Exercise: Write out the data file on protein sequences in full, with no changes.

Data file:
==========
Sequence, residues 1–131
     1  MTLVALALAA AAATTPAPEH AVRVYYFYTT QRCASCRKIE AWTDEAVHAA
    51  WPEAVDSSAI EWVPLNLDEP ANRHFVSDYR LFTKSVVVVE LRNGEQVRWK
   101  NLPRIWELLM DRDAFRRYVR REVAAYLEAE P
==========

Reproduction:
Sequence, residues 1–131
     1  MTLVALALAA AAATTPAPEH AVRVYYFYTT QRCASCRKIE AWTDEAVHAA
    51  WPEAVDSSAI EWVPLNLDEP ANRHFVSDYR LFTKSVVVVE LRNGEQVRWK
   101  NLPRIWELLM DRDAFRRYVR REVAAYLEAE P